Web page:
28 Jul Preventing Mastitis When Breastfeeding
Effective, frequent nursing speeds the recovery of clogged milk ducts and mastitis. The antibacterial qualities of breastmilk prevent the baby from getting an infection related to an inflamed or infected breast.
The first week of August is World Alliance for Breastfeeding Action (WABA) week, which brings awareness to the protection, support and benefits of breastfeeding. In honor of this agenda, it’s important to dig into the challenges of breastfeeding, specifically mastitis.
Mastitis is one of the most common problems related to breastfeeding. It usually begins with a clogged milk duct that leads to inflammation of the breast tissue and sometimes an infection of the breast.
How to Prevent Mastitis While Breastfeeding
When breast milk stops flowing in the breast, bacteria starts to grow in the area where there is a plug. This can happen when there is a change in the pattern of breastfeeding, like when your baby is teething, sick, or begins to sleep through the night. Skipped feedings and oversupply are risk factors for mastitis. Milk sits in the milk ducts and can cause engorgement (enlargement, swelling and tightness of the breast). If engorgement isn’t relieved by nursing your baby or expressing milk by hand or with a breast pump, clogged ducts can occur.¹
Another common reason for clogged milk ducts that leads to mastitis is poor latch and incomplete emptying of the breast. Mastitis most often occurs in the first 2-3 weeks of your baby’s infancy. So, in these early weeks, establish healthy breast milk production with a regular supply/demand schedule by feeding your baby 8-12 times a day. Ensure good breastfeeding techniques by practicing a good latch and rotating the nursing position of your baby so their chin and nose alternate positions on your nipple. If you’re not sure how to do this, enlist the help of a professional lactation consultant.
A mother’s chronic fatigue and/or a diet high in salt or saturated fats are known risk factors with recurrent mastitis. If a breast infection occurs repeatedly, this can lead to scarring of the milk ducts, which can impact breast milk production in future pregnancies.²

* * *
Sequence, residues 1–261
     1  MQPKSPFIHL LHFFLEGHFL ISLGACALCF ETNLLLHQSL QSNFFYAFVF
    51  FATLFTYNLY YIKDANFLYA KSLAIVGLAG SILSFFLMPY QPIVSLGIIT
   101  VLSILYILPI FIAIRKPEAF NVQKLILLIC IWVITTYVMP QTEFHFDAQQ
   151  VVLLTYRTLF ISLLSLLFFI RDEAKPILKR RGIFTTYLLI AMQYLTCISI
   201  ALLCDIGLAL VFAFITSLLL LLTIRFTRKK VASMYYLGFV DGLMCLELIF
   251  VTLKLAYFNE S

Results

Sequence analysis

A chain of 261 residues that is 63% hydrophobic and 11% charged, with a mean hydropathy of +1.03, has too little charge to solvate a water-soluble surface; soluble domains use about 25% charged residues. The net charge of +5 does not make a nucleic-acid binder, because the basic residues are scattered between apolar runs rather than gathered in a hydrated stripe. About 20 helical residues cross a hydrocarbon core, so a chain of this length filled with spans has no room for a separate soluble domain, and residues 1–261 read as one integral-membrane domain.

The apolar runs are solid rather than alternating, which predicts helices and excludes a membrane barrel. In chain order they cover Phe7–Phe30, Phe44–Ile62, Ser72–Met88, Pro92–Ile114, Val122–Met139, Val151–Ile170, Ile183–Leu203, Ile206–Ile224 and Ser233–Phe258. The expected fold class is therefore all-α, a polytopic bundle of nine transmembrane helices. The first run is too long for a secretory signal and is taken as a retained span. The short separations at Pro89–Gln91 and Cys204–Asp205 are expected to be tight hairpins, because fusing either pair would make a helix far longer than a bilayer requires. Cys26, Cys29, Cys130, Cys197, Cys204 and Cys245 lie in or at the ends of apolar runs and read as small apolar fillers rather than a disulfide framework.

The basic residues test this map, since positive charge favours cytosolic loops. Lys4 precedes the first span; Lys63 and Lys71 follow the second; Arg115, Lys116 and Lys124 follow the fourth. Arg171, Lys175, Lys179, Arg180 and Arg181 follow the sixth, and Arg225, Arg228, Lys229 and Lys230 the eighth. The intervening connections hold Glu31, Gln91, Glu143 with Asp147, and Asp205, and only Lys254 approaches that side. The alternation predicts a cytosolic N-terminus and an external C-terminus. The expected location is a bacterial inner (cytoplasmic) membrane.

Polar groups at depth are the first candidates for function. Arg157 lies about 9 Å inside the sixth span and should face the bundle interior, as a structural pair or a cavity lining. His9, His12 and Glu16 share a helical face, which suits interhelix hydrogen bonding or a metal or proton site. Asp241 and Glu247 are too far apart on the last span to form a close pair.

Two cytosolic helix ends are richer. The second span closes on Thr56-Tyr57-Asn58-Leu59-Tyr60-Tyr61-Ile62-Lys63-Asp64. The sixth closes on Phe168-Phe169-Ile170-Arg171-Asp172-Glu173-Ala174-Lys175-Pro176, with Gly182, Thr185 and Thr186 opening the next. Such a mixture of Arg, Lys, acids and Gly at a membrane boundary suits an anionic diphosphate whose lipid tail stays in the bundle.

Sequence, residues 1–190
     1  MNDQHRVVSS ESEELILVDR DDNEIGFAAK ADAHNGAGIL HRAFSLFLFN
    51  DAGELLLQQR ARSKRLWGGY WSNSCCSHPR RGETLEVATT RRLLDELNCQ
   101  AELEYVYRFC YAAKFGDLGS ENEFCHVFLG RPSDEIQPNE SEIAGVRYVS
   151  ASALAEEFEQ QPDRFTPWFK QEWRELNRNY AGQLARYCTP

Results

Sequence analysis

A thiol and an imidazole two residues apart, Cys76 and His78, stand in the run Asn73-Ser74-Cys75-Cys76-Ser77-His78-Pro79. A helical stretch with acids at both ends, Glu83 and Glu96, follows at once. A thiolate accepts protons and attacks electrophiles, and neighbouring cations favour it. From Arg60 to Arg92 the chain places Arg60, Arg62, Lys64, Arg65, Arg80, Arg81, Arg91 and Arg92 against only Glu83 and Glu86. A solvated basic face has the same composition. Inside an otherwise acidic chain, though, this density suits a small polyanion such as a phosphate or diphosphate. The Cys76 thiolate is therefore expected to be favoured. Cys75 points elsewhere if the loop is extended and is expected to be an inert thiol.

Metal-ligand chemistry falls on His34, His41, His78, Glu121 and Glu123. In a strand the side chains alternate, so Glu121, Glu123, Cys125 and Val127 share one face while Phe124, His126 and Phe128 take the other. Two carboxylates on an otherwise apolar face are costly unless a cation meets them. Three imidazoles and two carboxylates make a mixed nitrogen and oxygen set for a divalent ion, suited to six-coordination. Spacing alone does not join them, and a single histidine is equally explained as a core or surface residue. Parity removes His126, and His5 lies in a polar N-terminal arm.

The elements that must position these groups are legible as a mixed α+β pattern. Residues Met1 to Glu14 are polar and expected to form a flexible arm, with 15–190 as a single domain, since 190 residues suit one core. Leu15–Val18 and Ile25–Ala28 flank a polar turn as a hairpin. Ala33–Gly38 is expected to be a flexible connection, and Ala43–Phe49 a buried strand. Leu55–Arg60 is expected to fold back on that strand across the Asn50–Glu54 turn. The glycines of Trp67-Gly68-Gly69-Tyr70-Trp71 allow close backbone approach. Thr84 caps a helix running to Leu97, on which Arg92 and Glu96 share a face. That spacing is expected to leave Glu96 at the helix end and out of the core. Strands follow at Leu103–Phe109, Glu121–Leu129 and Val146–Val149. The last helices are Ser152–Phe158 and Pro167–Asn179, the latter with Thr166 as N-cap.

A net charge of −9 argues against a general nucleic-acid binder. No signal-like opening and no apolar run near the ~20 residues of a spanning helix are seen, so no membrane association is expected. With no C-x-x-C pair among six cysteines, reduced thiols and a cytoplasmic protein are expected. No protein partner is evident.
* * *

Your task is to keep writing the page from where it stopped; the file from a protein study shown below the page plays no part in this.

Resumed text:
If mastitis isn’t treated promptly, it can lead to a breast abscess or sepsis, which is an infection that involves your whole body, including other organ systems. So, it’s a good idea to contact your healthcare provider right after you notice the first signs of breast inflammation or infection.
What are the Symptoms and Treatment of Mastitis?
Mastitis is a tender, hot, swollen, wedge shaped area of the breast often associated with fever, chills, body aches, and flu-like symptoms. An infection may or may not include redness of the breast or hard, sore lumps.¹
You should call your healthcare provider immediately if you are breastfeeding and have any of these symptoms. While you are waiting to be seen by your provider, there are many actions you can take to relieve a clogged milk duct, which is usually the cause of mastitis.
- Nurse your baby frequently on the affected breast. Check for a good latch and rotate your baby’s positions to ensure complete and effective emptying of the breast.
- Ensure the affected breast is soft to touch and empty after breastfeeding.
- Apply wet or dry warm compresses frequently.
- Massage the breast, particularly the area above the tender spot and hand express milk behind the nipple. This is best done after a warm shower, warm compresses, or soaking the breast while leaning over a basin of warm water.
- Go braless for a few days to encourage milk and lymph flow. Avoid tight, restrictive tops.
- For mastitis, apply cabbage leaves to breasts. Cabbage has anti-inflammatory properties and can help with tenderness and swelling. Wash leaves, use room temperature or chilled leaves, twice a day for 20 minutes at a time, until inflammation resolves.
- Decrease saturated fat and salt from your diet. Consider adding 1 tbsp. of Lecithin to your diet every day (This is theorized to help the milk hold onto fat globules rather than getting trapped in milk ducts).
- Get plenty of rest.
Remember, one of the best ways to reduce the risk of mastitis is to nurse your baby frequently and avoid skipping feedings and consequently, engorgement and plugged ducts. If it’s too painful to nurse on the affected breast, nurse from the unaffected breast but open your bra to allow the milk flow from the affected breast too. You can let it flow on a towel or in a cup.
If you’re prescribed antibiotics for mastitis by your provider, be sure to take the whole course, usually 10-14 days of medication. Stopping the medication early could cause the infection to resume, which will just prolong the overall infection and interrupt nursing. Milk from an infected breast may taste “salty” to your baby and she may refuse, in which case, you should pump or hand express the milk frequently. Getting the milk flowing is a necessity to healing mastitis.
Be sure to check out the Mommyato Library section on breastfeeding concerns.
- American Academy of Pediatrics (AAP). November 2009. Mastitis. https://www.healthychildren.org/English/ages-stages/baby/breastfeeding/Pages/Mastitis.aspx
- The American College of Obstetricians and Gynecologists (ACOG). February 2021. Breastfeeding challenges. https://www.acog.org/clinical/clinical-guidance/committee-opinion/articles/2021/02/breastfeeding-challenges